INC. RECORDS, 1889-2003
(50 CUBIC FEET: 64 DB; 7 (.5) DB; 48 Flt B; 30 O/S Fldrs.)
By: Alison L. Oswald, December 2003
Victor Samuel Johnson Sr., (1882-1943) was born in Nebraska. As a soap salesman
for the Iowa Soap Company, he became interested in kerosene mantle burners. Dissatisfied with
the available kerosene lamps, he began selling and dealing U.S. made mantles and incorporated
the Mantle Lamp Company of America in Chicago in 1908. Johnson selected the name
“Aladdin” from the famous story, “Aladdin; or The Wonderful Lamp.” Johnson began research
and development of a mantle lamp that gave off a steady white light and did not smoke. The
Mantle Lamp Company began manufacturing lamps in 1912, with Plume & Atwood Manufacturing
Company burners, and marketed them as “Aladdin Lamps.” The company diversified in 1917 and
began producing insulated cooking dishes, known as Aladdin Thermalware jars, for the U.S. military.
These jars had an aluminum or steel jacket wrapped around a heavy glass receptacle. The space
In 1919, Johnson organized a subsidiary of the Mantle Lamp Company of America, Aladdin Industries, Inc., to market and sell the Aladdin thermalware jars and vacuum ware. At the same time, Mantle lamp Company of America formed Aladdin Limited in Canada and England to sell thermalware as well as Pathfinder Radio Corporation, Cadillac Photograph Corporation, Aladdin Chemical Corporation, Aladdin Phonograph Corporation, Johnson Laboratories, Inc. (radio components), and Aladdin Radio Industries (magnetic and radio research). Pathfinder, Cadillac, Aladdin Chemical and Aladdin Phonograph all failed. In 1926, the Mantle Lamp Company acquired Lippincott Glass Company of Alexandria, Indiana, where it manufactured and fabricated glass chimneys, shades and lamp bases, mantles, wicks, and metal lamp bases. The Alexandria plant closed in 1952 and eventually moved to Nashville.
In 1943, Victor S. Johnson Sr. died and his son, Victor S. Johnson Jr. (1906-), succeeded him as president of Aladdin Industries Inc. Johnson Jr. moved Aladdin from Chicago to Nashville, Tennessee in 1949 to place the company strategically in mid-America to distribute its products. Aladdin’s general offices, vacuum bottle production, and electric lamps and kerosene completed the move by 1952.
In 1950, Aladdin began illustrating flat metal school lunch kits (lunch boxes with liquid containers) with images of popular radio, movie and television figures. Hopalong Cassidy was the first character kit. This innovative marketing decision produced an explosive growth in the lunch kit market and made Aladdin a pioneer in image licensing. Character lunch boxes became a large part of the childhood experience and are collector’s items today. Over the years, Aladdin extended the range of characters depicted and began manufacturing plastic and soft, vinyl lunch kits with printed themes. It also introduced “3D” embossing on the flat metal kits. Embossed metal lunch kits were completely phased out in 1986 due to high production costs. In addition to the school lunch kits, Aladdin also introduced wide mouth vacuum bottles (pint and quart size) in 1953. The wide mouth bottles also carried “adult” themes such as the “Angler” fisherman’s bottle. The thermosware line eventually moved from metal to plastic jackets and from a glass insulated filler to foam.
In 1965, Aladdin purchased the Stanley steel bottle operation from Landers, Frary and Clark in New Britain, Connecticut. Aladdin’s diversification strategy led to the introduction in 1968 of the Temp-Rite® meal distribution plan, an insulated thermal tray service for hospitals, the airline industry, and prisons. The Temp-Rite® system gave rise to a full line of products and services and Aladdin formed a subsidiary, known as Aladdin Synergetics, Inc., to handle its health care and food service operations. Aladdin Synergetics was sold to Welbilt Corporation in 1998; the new operation was named Aladdin Temp-Rite. Other products added over the years included electric lamps, shades, kerosene stoves, and an electronics division in 1956. This division was established from a small technical research group whose function was patent licensing. As a subsidiary of Aladdin Industries, it produced transformers and radio and telephone filters. The subsidiary was sold to Vernitron in October, 1979.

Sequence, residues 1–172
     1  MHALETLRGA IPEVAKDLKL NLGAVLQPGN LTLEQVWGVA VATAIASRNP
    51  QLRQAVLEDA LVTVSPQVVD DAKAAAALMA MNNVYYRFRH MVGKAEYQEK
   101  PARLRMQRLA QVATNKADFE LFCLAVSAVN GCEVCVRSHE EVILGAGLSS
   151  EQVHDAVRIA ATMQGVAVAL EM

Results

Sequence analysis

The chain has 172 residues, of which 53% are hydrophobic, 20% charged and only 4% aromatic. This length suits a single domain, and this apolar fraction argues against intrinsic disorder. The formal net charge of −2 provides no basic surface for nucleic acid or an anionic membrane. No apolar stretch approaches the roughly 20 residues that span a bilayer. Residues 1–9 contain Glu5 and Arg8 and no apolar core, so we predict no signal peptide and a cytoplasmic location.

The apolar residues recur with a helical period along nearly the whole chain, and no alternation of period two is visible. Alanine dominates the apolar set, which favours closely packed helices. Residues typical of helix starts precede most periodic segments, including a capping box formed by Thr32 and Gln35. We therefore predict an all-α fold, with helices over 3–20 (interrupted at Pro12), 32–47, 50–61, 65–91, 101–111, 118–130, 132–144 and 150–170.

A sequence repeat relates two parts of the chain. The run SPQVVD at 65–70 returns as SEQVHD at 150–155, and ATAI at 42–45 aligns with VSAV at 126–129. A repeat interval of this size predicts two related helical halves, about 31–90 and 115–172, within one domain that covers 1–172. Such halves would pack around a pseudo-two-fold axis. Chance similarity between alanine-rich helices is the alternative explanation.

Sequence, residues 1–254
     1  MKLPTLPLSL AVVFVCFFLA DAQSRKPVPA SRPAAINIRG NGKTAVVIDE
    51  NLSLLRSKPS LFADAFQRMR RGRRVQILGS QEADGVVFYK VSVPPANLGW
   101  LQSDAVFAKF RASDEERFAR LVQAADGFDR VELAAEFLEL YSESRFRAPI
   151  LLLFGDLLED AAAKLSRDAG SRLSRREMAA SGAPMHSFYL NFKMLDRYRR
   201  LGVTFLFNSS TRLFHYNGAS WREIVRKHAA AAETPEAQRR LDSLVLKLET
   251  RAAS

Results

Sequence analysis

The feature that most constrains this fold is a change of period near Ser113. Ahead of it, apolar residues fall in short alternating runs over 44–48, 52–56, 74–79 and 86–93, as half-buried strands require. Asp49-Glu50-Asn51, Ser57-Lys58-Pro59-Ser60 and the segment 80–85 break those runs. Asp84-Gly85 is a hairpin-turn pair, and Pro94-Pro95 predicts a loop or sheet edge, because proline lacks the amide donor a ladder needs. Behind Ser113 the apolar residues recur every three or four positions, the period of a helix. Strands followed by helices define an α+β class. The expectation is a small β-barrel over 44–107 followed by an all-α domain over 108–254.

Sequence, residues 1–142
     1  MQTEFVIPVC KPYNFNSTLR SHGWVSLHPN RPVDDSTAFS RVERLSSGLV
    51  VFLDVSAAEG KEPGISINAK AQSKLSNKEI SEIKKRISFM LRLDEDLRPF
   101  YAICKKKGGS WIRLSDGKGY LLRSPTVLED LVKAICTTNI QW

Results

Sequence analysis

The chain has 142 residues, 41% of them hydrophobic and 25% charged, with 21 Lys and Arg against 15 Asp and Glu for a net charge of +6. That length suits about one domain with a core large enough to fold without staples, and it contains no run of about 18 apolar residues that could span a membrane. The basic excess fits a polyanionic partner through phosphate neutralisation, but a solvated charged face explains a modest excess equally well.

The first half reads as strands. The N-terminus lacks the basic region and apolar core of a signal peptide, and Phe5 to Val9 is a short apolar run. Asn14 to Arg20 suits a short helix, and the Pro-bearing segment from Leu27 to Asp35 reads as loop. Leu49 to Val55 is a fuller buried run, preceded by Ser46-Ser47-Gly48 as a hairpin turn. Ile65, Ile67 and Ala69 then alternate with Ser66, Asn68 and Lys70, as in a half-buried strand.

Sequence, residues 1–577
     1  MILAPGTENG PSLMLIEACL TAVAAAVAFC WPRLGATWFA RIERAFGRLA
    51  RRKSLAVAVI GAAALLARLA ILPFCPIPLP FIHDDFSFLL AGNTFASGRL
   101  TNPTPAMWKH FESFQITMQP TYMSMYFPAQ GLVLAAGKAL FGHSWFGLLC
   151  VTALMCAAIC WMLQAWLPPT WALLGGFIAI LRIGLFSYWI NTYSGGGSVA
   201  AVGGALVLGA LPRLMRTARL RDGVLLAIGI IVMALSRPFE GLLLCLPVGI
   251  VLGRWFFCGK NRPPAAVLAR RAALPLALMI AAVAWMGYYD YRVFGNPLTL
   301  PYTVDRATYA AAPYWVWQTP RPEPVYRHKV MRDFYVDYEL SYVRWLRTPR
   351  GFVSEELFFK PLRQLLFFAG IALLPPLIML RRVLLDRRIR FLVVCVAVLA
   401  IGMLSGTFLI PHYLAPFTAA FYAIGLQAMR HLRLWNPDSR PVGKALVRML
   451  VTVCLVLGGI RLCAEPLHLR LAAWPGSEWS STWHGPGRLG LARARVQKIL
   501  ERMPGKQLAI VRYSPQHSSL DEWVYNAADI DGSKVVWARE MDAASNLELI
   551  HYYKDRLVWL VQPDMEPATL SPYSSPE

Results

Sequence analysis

At various times, Aladdin established offices in Alexandria, Indiana; Chicago, Illinois; Nashville, Tennessee; Portland Oregon, Canada; Hungry; France; Australia, New Zealand; England; Iraq, Iran, Brazil, Japan, Peru, Venezuela, Chile, Uruguay, France, Germany, Iceland, Sweden, and South Africa to market and sell its products.
Aladdin was financially mismanaged in the 1990s and rapidly declined. Aladdin Industries Inc. reorganized in 1999 and became known as Aladdin Industries LLC. High labor costs and unsuccessful efforts to develop new products led to further decline. By January, 2002, Aladdin had sold its remaining product lines and closed its Nashville plant. Aladdin lamps are still sold today by the Aladdin Mantle Lamp Company of Clarksville, Tennessee.
Scope and Content
The collection consists of approximately 50 cubic feet of material documenting Aladdin Industries Inc., manufacturers of vacuum ware and lunch boxes. The majority of the material dates from 1947 to the 1970s. It is divided into seventeen series: Series 1: Historical and Background Materials, 1919-1997; Series 2: Victor S. Johnson Sr. Files, 1916-1945; Series 3: Victor S. Johnson Jr. Files, 1906-1983; Series 4: Employee and Personnel Records, 1910-2001; Series 5: Research and Development Records, 1910-1976; Series 6: Patent Records, 1889-1973; Series 7: Sales Records, 1939-2000; Series 8: Advertising and Marketing Records, 1931-2001; Series 9: School Lunch Kits, 1952-1989; Series 10: Lamps and Kerosene Heaters, 1911-2000; Series 11: Temp-Rite, 1972-2000; Series 12: Competitors, 1963-2001; Series 13: Style Guides, 1966-1998; Series 14: Newsletters, 1943-1998; Series 15: Photographs, 1923-1986; Series 16: Scrapbooks, 1908-1962; and Series 17: Audiovisual Materials, 1993-1996.